Education Development Center (EDC) considers the impact of gender, inclusion, and social norms throughout the project life cycle, while respecting local culture. EDC endeavors to promote gender equality and inclusion among our staff and in the communities where we work. through the implementation of gender and inclusion assessments and strategies. Additionally, we strive to design and implement programs and policies that:
EDC’s basic education programs in low-resource contexts support the development of learners who can use language to explain and analyze the world around them and who have the foundational skills to think critically and solve the range of problems they will encounter in school and life. Integration of early literacy and mathematics instruction promotes the development of thinking and decision-making skills and lays the foundation for later success. The Literacy, Language and Learning (L3) Initiative’s effort to bridge literacy and math in Rwandan primary education is one promising example.
The USAID Huguka Dukore activity is a 5-year (December 9, 2016-December 8, 2021) youth employment program that will provide 40,000 out-of-school youth, including 34,000 new youth and 6,000 Akazi Kanoze alumni, with market-relevant employability skills and pathways to new or better employment. Huguka Dukore will build upon and scale up successfully proven Akazi Kanoze interventions, across at least 19 districts (of 30 total) countrywide using innovations that will invite more youth to participate in Rwanda?s continued economic growth.
Results and Lessons Learned from the L3 Initiative
The Literacy, Language, and Learning (L3) Initiative was a five-year project funded by United States Agency for International Development (USAID) and implemented in Rwanda between August 2011 and January 2017. L3’s strategic objective was to strengthen teaching and learning, so that children leave primary school with solid literacy and numeracy skills. This executive report summarizes the activities of the project, recommendations and lessons learned.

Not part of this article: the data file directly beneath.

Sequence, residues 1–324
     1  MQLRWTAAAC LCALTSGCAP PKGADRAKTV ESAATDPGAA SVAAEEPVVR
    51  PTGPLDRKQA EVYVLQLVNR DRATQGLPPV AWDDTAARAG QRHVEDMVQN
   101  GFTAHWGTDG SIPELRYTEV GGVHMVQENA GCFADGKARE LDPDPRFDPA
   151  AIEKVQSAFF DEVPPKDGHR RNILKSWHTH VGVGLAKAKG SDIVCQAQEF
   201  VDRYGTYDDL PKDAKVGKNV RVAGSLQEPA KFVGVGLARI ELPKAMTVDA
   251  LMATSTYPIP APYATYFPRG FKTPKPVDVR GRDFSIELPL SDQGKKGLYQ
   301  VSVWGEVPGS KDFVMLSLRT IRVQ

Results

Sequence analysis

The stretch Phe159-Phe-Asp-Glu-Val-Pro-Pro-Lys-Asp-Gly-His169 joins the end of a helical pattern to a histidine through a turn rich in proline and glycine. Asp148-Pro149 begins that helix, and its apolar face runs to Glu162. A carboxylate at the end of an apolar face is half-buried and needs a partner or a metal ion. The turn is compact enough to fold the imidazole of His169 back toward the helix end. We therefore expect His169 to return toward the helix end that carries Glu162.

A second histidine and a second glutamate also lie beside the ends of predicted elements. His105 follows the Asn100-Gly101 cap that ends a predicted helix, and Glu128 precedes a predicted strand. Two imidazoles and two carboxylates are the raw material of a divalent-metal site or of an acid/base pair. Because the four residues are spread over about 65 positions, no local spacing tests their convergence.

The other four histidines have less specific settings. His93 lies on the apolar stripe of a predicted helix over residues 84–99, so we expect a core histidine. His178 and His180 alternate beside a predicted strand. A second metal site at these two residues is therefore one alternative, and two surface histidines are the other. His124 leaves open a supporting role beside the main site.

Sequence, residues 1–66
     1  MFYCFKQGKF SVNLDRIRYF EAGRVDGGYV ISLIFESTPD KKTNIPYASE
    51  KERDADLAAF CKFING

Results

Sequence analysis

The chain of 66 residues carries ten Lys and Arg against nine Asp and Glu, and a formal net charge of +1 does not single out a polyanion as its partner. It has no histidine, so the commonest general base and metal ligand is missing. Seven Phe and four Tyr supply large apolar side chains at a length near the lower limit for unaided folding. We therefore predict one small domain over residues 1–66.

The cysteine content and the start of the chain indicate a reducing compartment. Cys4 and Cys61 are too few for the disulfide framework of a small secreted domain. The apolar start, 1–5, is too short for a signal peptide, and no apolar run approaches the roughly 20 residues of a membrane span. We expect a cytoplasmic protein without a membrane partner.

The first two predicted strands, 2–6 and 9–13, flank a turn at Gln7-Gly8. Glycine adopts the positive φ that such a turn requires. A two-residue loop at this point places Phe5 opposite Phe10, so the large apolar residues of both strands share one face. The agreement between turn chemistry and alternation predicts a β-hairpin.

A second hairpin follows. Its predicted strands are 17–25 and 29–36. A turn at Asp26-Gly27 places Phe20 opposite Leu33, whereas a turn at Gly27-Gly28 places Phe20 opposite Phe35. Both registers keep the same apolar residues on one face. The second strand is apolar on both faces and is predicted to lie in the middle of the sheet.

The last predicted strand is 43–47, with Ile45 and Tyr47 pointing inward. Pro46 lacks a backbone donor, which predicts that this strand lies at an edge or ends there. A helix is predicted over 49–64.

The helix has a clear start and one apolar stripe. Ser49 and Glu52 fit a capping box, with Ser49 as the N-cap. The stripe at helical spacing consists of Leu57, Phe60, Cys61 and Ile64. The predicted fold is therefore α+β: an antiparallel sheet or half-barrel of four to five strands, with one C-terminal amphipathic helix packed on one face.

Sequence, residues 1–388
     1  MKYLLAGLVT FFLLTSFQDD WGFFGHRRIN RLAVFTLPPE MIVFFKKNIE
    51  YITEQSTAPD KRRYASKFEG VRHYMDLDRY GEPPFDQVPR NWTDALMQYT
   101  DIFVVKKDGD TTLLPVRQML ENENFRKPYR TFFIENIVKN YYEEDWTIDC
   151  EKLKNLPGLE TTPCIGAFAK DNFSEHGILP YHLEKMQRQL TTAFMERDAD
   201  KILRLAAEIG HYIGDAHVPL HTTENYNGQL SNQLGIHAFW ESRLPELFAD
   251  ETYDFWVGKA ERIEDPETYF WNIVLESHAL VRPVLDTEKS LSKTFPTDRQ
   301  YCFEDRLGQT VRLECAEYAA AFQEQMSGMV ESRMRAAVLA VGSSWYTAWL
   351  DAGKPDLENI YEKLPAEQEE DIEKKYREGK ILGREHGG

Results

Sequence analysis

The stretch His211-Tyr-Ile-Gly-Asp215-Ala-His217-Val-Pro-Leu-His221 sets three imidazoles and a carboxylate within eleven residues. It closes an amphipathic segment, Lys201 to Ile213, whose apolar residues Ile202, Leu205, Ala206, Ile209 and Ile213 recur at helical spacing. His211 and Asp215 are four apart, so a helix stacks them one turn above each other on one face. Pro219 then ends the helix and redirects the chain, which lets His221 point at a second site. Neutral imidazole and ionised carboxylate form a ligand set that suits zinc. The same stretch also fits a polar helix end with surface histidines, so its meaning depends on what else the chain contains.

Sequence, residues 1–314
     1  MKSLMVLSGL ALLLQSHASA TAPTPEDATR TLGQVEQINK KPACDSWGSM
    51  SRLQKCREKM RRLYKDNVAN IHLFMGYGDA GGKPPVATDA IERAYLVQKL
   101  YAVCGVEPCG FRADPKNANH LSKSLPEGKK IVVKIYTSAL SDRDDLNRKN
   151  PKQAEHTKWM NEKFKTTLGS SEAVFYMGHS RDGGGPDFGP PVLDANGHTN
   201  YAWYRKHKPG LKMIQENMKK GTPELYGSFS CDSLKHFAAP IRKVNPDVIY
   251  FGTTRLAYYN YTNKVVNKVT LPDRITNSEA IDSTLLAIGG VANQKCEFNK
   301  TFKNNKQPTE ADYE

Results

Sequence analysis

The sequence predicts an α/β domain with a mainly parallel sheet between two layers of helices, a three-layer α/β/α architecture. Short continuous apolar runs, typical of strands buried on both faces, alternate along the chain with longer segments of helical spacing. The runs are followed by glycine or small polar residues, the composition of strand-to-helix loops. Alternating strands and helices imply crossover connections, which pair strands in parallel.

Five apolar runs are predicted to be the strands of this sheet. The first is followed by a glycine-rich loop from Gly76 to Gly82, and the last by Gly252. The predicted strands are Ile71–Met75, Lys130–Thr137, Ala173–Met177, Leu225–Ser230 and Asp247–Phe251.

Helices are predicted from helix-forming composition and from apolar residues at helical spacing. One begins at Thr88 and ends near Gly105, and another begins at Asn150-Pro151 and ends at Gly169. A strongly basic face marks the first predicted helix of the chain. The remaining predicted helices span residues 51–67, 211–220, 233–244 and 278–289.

This report presents results of the endline literacy and mathematics assessments conducted in October 2016. The results of the endline are compared with the baseline, which was conducted in October 2014 at the beginning of the L3 intervention.
Rwanda has made commendable efforts to improve basic education, including literacy in the early grades. Students are learning to read and write in Kinyarwanda, and they are acquiring the language skills to read and write in English. The Ministry of Education’s Rwanda Education Board and its development partners have laid a firm strategic and policy foundation for continuing to raise literacy rates.
Over the last few years, Rwanda has expanded primary school education to all students. Now, with the help of donors like the U.S. Agency for International Development (USAID), Rwanda is focusing on improving the quality of its education system — especially in the teaching of primary school literacy — so that all children achieve the learning necessary to succeed in school and to escape poverty.